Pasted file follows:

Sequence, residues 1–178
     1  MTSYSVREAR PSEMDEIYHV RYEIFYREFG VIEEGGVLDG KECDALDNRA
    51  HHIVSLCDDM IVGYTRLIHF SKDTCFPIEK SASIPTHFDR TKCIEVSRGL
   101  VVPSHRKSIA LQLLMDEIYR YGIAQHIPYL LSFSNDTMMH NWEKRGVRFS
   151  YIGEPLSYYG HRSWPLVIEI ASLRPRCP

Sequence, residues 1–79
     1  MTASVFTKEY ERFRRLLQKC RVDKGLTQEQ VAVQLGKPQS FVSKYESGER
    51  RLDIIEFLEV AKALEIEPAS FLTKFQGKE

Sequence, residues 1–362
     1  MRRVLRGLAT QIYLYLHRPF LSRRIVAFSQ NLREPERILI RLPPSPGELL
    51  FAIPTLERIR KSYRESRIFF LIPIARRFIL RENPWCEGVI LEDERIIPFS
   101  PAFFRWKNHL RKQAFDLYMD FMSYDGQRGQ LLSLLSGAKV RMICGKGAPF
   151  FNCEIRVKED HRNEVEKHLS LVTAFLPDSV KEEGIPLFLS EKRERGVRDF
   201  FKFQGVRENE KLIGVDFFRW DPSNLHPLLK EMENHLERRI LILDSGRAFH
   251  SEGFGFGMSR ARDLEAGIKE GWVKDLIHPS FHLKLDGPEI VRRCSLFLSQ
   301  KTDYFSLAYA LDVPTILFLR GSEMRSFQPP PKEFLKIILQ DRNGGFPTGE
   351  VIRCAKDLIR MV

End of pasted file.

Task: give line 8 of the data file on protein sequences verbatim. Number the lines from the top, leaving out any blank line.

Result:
    51  RLDIIEFLEV AKALEIEPAS FLTKFQGKE